Chrysalis Tribal Jewelry

Rustic Tribal Primitive

Monday, January 23, 2017

The Tejana Collection

The Tejana Collection

Tejana is a word used to describe Mexican folk art, clothing and jewelry. It is a style that embraces traditional Mexican dress and religious imagery. If you loved the movie, Frida, you recall that she chose this Tejana style of dress for most of her life, and used religious iconography often in her paintings. This collection of jewelry reflects the festive colors and mood of Mexican folk art in casual, fun and affordable designs.

Mexican Tejana Necklace
Choker length necklace design of graduated orange magnesite, knotted onto waxed Irish linen cord.

Artisan Ceramic Mexican Earrings
Colorful artisan striped ceramic earrings with red, orange and blue magnesite with pewter.

Multi-Strand Mexican Folk Art Bracelet
Red magnesite and red melon Czech glass beads with kambaba jasper, accented with pewter, and featuring a Frida Kahlo charm.

My first collection for 2017, all available now in my web store Chrysalis Tribal Jewelry!!!

Gloria Ewing

Chrysalis Tribal Jewelry
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Saturday, October 8, 2016

Urban Tribal Revisited

Urban Tribal Multi-Strand Bracelet

As I continue to revisit the most popular of my jewelry pieces by creating new variations, this tribal bracelet is a new spin on one of my most successful designs. In the brand new bracelet variation pictured above, I emphasize the orange and red reflecting the autumn season. Nine strands of gorgeous Picasso finished Czech beads in various sizes and shapes, blending into a pleasing boho tribal bracelet design.

In the original bracelet pictured below, I have emphasized the blue and still maintain a rich blending of colors. This bracelet sold several months ago, and I am still getting numerous requests for custom bracelets based on this design. So I finally relented and if it remains popular, perhaps I will make others in the future.

I have another favorite (sold) bracelet in mind to revisit with an updated variation. Coming soon, I hope!!!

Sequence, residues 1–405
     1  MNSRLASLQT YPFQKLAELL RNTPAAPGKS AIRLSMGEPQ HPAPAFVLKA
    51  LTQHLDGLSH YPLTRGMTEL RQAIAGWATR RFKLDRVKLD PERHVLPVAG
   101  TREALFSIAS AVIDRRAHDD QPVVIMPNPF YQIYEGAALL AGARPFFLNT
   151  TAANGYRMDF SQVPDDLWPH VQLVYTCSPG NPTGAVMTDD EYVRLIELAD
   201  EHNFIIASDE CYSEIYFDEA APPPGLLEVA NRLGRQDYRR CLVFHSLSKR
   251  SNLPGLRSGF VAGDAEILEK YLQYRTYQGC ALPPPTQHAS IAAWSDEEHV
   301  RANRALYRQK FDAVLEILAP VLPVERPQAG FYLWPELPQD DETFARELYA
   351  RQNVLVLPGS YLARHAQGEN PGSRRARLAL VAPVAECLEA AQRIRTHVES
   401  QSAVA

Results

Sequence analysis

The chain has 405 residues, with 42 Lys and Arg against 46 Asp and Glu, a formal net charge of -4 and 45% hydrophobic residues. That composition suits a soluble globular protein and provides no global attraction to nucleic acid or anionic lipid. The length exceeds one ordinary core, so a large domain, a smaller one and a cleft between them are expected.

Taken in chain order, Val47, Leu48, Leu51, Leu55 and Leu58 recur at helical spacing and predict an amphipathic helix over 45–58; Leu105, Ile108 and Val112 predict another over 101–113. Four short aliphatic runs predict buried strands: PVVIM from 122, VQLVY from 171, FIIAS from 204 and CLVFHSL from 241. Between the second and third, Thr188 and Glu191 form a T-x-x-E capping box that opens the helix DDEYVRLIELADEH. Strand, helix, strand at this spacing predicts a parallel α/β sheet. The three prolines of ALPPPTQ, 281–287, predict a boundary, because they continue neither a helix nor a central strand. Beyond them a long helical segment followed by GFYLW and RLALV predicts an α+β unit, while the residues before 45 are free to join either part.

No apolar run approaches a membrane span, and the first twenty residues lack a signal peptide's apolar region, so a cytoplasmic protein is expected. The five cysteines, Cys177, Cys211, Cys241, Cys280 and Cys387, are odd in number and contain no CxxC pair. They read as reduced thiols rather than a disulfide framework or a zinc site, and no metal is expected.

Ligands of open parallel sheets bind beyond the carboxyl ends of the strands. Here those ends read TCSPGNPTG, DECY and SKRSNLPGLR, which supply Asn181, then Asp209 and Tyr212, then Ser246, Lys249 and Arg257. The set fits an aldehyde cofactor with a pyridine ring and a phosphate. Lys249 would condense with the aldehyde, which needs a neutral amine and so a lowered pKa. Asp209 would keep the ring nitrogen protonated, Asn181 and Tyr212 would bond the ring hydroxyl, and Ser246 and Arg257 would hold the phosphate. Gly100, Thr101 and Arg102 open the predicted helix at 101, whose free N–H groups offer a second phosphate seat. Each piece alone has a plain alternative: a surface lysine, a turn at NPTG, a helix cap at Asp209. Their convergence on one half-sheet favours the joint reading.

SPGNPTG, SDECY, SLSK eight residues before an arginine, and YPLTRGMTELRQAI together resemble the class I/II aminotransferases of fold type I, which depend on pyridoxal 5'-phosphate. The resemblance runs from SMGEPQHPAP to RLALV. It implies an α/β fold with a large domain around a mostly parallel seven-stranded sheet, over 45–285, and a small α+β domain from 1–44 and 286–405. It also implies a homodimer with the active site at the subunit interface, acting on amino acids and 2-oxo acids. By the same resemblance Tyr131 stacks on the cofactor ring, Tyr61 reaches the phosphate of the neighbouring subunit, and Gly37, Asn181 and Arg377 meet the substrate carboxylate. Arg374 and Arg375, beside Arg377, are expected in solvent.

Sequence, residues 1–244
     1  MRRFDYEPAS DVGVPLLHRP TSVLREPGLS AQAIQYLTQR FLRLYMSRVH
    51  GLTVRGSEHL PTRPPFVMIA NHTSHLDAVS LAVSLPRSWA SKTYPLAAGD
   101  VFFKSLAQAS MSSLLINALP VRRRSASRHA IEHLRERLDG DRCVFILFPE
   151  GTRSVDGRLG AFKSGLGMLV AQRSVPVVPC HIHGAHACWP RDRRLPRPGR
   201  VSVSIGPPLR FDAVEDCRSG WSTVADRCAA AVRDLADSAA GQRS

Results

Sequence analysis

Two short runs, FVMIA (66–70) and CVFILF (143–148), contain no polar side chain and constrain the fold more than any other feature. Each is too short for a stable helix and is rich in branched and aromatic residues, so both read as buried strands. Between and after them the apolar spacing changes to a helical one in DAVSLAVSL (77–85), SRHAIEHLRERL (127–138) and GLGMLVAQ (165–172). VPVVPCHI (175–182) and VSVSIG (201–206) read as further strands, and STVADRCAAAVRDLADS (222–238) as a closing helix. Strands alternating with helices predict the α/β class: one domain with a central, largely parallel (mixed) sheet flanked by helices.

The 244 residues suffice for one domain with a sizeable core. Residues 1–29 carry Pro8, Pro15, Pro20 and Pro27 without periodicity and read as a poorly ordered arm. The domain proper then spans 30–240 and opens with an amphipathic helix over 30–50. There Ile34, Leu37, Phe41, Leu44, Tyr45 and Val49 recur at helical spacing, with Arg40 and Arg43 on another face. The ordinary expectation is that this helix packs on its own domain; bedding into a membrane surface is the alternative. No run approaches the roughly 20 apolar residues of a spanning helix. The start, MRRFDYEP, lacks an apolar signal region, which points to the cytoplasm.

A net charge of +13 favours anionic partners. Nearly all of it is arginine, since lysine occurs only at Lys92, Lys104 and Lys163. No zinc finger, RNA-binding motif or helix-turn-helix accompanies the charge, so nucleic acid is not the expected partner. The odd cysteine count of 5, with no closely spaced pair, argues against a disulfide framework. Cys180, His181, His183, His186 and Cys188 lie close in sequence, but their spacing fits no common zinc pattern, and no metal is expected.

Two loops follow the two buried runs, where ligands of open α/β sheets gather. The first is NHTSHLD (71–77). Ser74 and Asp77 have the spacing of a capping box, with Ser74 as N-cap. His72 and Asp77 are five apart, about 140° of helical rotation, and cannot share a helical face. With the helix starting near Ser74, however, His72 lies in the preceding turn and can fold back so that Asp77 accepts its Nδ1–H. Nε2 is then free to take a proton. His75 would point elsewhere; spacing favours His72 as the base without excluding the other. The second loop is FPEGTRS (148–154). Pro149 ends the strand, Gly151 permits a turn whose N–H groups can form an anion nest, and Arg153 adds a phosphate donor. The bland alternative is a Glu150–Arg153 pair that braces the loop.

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Tuesday, July 26, 2016

Back By Popular Demand

I willingly admit to being among the introverts of the jewelry designing arena. One of the most difficult things to do if you're an introvert is promote yourself. I have tried to find a way to promote my jewelry without promoting myself but it just can't be done. People are curious about the person behind the designs. They ask me "How does a mature blonde haired woman (obviously of northern European decent) decide to design truly tribal jewelry? The only answer that I have is that I have always loved ethnic art and clothing, and this feels like a very natural extension of my early tribal infatuation. Tribal is the style that best expresses who I am on the inside.

Now add to being an introvert my reluctance to become a full fledged computer nerd. Rarely, am I able to sit down and read detailed instructions and then construct a digital something "by the numbers". It goes against my grain. This character flaw does however result in lots of trial and error, and occasionally in missed opportunities. A very good friend recently pointed out to me that some pieces that I pinned on Pinterest were still being re-pinned frequently. She was asking me if I noticed the numbers, and frankly I had to say "no". So this board on Pinterest, entitled "Sold, But Not Forgotten", is the start of my effort to keep on top of these cyber indicators and put them to good use. Thank you, Norbel, for giving me the heads up on this!

Blue Krobo Bead Bracelet

I have had so many requests to repeat many of these pieces. So, depending on response from customers, I will revisit some of these designs. My plan is to do variations on some of your favorites. You will notice that the above photo is a variation of the bracelet included in the collage. Slight differences, but the same basic components and the same tribal character. I would truly appreciate feedback from anyone with ideas or requests related to this post.

Gloria Ewing

Chrysalis Too on Etsy

Friday, March 25, 2016

Beauty in Imperfection

For those who don't follow the trends, who are always seeking to unearth something fascinating, I can relate to you. I look for the unusual. I like to find beads and findings, whether they are new or old that tell me a story. I find that the imperfections and the irregularities tell me much more than any shiny polished bauble could ever tell me. Each little chink or scratch is an experience of the past, or possibly a reflection of its creator, just waiting for the right person to appreciate its history. I feel much the same way about people. If you're not "running with the herd", it is more likely that you prefer to come to your own conclusions about life. That means you have the capability to reason rather than accepting a popular view because it sounds good. You go beyond the surface, and that makes you a much more interesting person to be around.

OK, back to jewelry. I spend countless hours finding old vintage African beads and artisan findings that fit that aesthetic, but it is really more like a treasure hunt. Sometimes it will be something with an appealing quality that I just happened to find first. Sometimes it will be something that everyone else has already seen and passed over because they could not see its potential.

The important thing to me is finding new (and old) beads with personality that will add to my work. Finding new people is equally as important to me. Two of the pieces pictured in this post are from a new friend and talented artisan, Laura Bailey Taskey, whose work with rustic copper speaks to me. She is an independent artist who reflects her life in her work.